[Ed. Note: Dr. KSS writes about medicine and biotech stocks for the Irregulars. He choses his own topics, his words and opinions are his own, and he has agreed to our trading restrictions. You can see his Stock Gumshoe page here.]
When I was an undergraduate student, I became a good friend of Michael D., an aging veterinarian with hippie sensibilities who was an obsessive flier of large-wingspan competition kites….the kind that would occasionally jerk you up off the ground and for which you need 300-pound test line. He taught me to fly, and though in time I became adept, especially at stunts, on our first session in the southern California high desert, things sometimes got crazy among the Joshua trees. I was flying one of his most difficult-to-handle fast kites, and a strong gust made it power-dive deep into the sand.
Michael howled in laughter. “Hell man, if you ain’t a-crashin’ it, you ain’t flyin‘ it! Relaunch!” His long white beard swirled about his face in the 35-mph wind; he looked like a madman.
If there’s no competition, surprises, and intrigue, you aren’t discussing biotech. Each time we initiate coverage on a biotech company as a potential long investing idea, part of the pact with you is that we’ll let you know, in short order, when the long thesis is threatened by new events. Thus this Friday afternoon has me hammering out a “just the facts, ma’am” summary of a major development that may affect Esperion ($ESPR). It’s one that I suspect almost no one knows about yet. Today’s prose may be dry and condensed, as I am trying to get it to you as quickly as possible. If you are an $ESPR investor, you need to read this column.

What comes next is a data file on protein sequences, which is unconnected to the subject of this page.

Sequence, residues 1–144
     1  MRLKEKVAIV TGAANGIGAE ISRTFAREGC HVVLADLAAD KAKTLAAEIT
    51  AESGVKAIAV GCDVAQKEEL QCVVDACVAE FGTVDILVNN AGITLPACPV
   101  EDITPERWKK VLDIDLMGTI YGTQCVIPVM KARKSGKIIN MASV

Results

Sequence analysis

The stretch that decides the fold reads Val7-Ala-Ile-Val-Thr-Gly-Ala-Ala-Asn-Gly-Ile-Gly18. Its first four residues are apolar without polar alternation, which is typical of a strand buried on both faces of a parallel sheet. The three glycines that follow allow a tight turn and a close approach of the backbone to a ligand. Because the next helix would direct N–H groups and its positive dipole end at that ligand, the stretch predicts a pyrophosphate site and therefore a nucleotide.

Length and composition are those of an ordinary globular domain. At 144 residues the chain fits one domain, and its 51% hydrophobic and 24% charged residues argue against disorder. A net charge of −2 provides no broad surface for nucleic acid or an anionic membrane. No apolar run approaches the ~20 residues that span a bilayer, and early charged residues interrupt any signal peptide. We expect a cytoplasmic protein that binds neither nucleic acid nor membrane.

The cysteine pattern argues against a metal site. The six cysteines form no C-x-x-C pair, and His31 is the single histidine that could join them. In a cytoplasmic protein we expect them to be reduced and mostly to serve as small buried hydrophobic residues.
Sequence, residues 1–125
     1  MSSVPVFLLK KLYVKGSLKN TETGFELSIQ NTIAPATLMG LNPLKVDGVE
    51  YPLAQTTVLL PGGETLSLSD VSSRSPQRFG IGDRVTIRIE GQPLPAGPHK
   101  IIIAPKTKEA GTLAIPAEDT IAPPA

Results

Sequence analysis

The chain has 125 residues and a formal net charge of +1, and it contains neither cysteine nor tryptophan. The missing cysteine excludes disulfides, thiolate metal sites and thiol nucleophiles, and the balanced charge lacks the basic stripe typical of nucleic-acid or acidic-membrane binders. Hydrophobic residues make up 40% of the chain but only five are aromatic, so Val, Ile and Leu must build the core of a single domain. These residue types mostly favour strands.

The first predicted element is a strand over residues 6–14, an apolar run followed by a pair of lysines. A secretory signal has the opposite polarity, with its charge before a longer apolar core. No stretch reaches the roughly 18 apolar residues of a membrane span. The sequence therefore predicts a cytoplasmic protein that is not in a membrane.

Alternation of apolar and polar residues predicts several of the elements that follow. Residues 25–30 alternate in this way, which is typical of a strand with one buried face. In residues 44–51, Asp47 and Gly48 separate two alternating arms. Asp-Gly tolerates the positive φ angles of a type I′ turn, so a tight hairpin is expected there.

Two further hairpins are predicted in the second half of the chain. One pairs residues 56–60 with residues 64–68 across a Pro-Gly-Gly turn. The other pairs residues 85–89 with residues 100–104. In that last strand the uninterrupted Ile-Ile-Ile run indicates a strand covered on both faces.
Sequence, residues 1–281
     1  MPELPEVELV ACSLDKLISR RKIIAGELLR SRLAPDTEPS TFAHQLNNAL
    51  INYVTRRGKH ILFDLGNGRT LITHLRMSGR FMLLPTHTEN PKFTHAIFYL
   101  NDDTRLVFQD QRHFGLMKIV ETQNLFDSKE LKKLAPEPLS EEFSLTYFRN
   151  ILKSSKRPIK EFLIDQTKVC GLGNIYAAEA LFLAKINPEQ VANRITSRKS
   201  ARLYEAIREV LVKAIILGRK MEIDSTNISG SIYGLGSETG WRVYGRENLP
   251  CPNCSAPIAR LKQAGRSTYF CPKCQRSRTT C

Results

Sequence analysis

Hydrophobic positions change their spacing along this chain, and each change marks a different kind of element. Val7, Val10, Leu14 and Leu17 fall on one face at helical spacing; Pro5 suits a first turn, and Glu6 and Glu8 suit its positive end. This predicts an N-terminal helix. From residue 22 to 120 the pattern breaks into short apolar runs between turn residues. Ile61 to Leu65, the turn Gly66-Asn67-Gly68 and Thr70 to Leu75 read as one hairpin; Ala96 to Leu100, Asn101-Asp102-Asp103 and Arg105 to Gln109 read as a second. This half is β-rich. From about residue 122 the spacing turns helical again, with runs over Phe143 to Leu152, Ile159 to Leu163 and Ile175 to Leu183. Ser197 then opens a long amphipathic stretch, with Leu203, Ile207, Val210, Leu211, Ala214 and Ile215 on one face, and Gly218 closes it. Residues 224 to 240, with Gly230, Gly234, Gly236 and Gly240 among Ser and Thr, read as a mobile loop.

Among the most important ways that biotechnology companies ping the market for data to drive their expectations is by periodic formal surveys of physicians. All such surveys are sponsored by a specific company, though which company is never revealed to the doctor taking the survey. The surveys screen the physician for knowledge about the specific clinical space and the drugs in it, and are conducted in a formal secure manner online. Physicians are expected to complete them at one sitting and have no opportunity to revise their answers. Physicians completing a survey are compensated their time, typically $50-$100 per survey.
A select group of physicians (internists and ...